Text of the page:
"Captain's Log, Supplemental. We are in orbit around Treyta IV in order to study the unique geological upheavals which have been occurring over the past hundred years. Scientists believe that the planet is entering a major volcanic cycle, and this is what the Enterprise has been sent to investigate. There is no sentient life on the planet, therefore, our geologists will have free reign to study the seismic activity without the constraints inherent in the Prime Directive. We will be beaming down a small team, including Head Geologist Stevens, Science Officers Roan and Takamura, and Security Officer Troy. They will briefly examine the forces at work on the planet and take readings to be sent back to Starfleet headquarters."
Kirk stopped recording as he sensed someone standing just behind him to the right.
"Yes, Mr. Spock?" He asked before turning to face his first officer.
"Captain, may I request that I accompany the landing party to the surface of Treyta IV?"
Kirk frowned. "I don't see why not."
Spock gave a curt nod. "Thank you Captain." He turned to go back to his station.
Kirk wasn't about to let him off the hook that easily, though. "But I am curious, Spock." Spock stopped and turned back to the Captain, raising an inquisitive eyebrow, inviting Kirk to speak his mind. Kirk continued with a fain grin. "You've never shown much interest in geology before."
Spock inclined his head. "That is an accurate assessment. However, the geological conditions on Treyta IV are extremely similar to those of Vulcan approximately four million years ago. I am interested in gaining insight into Vulcan's early development and observing the seismic phenomena first hand."
"I see." Kirk turned back to the viewscreen and made an addition to his log. "Commander Spock will accompany the science team to the surface as well." He clicked off the recorder and turned back to Spock. A thought had occurred to him, and it had ruined his teasing mood. "With all the seismic activity going on down there, do you think it'll be safe?"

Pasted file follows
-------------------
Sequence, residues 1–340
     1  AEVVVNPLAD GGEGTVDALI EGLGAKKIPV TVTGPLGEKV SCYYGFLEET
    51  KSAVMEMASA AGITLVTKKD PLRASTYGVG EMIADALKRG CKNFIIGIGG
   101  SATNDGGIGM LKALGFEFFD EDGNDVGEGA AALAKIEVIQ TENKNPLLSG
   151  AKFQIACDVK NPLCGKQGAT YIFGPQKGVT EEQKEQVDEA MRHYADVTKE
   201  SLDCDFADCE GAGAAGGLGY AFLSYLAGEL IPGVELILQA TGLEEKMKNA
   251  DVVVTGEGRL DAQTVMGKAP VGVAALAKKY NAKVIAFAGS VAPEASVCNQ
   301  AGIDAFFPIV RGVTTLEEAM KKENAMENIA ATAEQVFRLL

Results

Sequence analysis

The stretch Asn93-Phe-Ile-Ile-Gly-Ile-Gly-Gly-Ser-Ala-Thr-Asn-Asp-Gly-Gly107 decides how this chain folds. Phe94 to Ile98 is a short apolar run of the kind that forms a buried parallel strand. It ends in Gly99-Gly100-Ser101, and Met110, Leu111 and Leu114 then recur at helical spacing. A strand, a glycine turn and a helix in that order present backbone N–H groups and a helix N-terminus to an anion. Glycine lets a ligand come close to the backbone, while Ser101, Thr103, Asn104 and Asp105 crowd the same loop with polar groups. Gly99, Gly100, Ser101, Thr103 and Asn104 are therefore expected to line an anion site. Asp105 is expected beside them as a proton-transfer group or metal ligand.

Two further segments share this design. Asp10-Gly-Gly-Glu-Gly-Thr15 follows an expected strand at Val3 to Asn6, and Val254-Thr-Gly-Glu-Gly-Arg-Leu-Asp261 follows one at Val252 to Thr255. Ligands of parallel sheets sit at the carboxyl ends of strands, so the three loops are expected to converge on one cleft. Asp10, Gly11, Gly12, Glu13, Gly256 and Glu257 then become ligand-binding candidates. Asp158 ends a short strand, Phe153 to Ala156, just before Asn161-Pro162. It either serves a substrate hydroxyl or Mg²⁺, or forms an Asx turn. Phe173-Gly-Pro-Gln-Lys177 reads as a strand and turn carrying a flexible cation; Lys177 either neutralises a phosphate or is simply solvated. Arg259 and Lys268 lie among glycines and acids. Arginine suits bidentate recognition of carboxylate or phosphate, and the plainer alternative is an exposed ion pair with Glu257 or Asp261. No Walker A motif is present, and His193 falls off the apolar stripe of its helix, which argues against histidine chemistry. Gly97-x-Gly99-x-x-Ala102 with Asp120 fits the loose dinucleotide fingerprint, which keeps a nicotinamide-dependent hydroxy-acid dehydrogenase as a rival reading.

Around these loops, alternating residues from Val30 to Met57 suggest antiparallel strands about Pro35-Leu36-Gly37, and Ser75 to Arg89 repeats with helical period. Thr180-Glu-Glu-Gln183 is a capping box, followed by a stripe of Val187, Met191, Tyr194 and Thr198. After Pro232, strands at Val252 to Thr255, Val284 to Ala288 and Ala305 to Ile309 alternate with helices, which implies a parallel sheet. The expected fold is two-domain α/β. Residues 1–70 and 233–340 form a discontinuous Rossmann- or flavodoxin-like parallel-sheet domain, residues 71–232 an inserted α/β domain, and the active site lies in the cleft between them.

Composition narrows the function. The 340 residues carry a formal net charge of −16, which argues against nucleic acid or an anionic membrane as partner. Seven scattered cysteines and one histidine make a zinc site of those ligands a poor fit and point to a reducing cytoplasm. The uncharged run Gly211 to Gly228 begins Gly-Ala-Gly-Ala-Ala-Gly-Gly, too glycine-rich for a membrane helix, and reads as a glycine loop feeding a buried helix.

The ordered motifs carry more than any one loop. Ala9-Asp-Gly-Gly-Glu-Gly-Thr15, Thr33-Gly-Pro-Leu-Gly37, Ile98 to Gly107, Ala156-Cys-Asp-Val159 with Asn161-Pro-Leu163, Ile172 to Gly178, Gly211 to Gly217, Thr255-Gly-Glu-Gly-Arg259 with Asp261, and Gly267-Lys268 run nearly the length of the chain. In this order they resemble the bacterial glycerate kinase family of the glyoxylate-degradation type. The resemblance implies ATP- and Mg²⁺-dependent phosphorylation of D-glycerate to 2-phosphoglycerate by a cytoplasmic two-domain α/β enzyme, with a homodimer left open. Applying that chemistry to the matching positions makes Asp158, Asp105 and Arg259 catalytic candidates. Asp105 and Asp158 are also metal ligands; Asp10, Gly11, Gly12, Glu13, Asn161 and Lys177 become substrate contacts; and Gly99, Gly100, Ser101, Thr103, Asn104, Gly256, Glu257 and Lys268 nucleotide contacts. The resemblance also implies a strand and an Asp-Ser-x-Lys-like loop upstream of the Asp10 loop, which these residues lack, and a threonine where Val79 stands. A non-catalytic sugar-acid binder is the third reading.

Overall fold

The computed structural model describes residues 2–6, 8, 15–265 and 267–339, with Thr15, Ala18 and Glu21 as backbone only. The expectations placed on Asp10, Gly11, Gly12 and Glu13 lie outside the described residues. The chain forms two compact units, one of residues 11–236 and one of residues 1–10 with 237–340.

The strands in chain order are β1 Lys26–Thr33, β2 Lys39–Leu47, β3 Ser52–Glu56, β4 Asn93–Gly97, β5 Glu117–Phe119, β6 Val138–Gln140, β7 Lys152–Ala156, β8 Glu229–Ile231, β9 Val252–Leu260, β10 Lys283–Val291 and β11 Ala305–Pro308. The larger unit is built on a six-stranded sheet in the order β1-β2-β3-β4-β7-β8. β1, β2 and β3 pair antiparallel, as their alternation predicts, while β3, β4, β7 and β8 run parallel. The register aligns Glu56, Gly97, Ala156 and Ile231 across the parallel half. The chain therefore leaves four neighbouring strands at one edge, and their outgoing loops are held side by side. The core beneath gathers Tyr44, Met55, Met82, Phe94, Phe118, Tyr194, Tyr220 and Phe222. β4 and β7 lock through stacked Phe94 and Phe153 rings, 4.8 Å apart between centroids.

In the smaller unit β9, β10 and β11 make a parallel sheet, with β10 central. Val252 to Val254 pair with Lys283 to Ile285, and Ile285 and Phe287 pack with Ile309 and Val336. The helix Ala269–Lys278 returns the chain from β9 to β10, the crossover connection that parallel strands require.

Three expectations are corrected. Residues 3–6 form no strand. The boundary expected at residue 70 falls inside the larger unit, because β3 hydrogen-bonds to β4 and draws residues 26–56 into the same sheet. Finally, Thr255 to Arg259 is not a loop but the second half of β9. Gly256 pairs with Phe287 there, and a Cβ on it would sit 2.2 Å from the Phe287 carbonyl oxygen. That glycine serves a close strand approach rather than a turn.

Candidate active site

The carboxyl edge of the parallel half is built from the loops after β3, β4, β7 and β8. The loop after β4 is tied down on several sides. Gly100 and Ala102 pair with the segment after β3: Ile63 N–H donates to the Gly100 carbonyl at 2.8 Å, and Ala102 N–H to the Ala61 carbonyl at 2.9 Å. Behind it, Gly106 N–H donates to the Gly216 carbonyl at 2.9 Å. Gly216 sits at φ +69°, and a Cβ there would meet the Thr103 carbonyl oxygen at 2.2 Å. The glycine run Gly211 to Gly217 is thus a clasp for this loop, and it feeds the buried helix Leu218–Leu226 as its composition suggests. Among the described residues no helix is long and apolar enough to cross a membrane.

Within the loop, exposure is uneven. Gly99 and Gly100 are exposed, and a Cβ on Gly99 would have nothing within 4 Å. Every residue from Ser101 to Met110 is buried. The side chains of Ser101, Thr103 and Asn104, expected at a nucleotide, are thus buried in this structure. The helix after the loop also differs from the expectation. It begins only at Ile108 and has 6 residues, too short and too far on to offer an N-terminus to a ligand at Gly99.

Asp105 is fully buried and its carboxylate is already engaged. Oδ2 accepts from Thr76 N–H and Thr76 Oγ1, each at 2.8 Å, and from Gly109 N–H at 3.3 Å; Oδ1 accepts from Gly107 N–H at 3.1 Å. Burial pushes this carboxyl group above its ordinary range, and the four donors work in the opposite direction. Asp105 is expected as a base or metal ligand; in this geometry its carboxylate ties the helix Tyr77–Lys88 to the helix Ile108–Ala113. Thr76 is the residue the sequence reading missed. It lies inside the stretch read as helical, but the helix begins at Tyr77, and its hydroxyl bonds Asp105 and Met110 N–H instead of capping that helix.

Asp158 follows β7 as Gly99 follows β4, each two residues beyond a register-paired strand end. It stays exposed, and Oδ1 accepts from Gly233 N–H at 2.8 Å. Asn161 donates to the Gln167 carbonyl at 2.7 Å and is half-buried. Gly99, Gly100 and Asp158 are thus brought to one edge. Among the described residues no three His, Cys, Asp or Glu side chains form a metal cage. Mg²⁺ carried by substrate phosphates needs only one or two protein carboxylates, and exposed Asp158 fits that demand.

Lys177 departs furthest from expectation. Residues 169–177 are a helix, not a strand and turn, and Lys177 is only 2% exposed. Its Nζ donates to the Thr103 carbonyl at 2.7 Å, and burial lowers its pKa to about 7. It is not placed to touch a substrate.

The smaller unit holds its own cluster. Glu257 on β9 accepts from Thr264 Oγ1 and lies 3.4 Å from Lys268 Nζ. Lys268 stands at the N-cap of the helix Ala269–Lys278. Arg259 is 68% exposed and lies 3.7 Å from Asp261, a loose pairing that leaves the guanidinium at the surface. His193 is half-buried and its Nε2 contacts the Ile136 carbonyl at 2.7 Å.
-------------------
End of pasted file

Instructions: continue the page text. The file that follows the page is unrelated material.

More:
"The geologic activity has been a gradual process, Captain," Spock explained. "Nevertheless," he quirked an eyebrow, "You were fully prepared to send the landing party to the planet before I asked to go as well."
Pinned by Spock's close scrutiny, Kirk cleared his throat and turned back to the viewscreen, which displayed a vibrant red and orange planet slowly rotating on its axis.
"Well, I just wanted to make sure…" Kirk trailed off at Spock's slightly amused expression. Spock had called his bluff. "Well, get going, Mr. Spock! Or I might rethink letting you go." But he was grinning playfully as he said it, and they both knew it was just part of the game.
"Of course, Captain," Spock replied before going to the turbolift.
Kirk looked back at the viewscreen and caught both Sulu and Chekov staring at him. He couldn't resist picking on them just a little bit. "Don't you two have a job to do?"
They both jumped and faced forward, clearly embarrassed at getting caught. But as they checked the status of the ship's orbit and corrected for deviations, Kirk's good-humored mood slowly vanished. He drummed his fingers on the armrest of the Captain's chair, just wanting this mission over with.
He just wanted Spock back on the ship, where he would be safe. Well, as safe as anyone on the Enterprise could be. At least somewhere Kirk could keep an eye on him.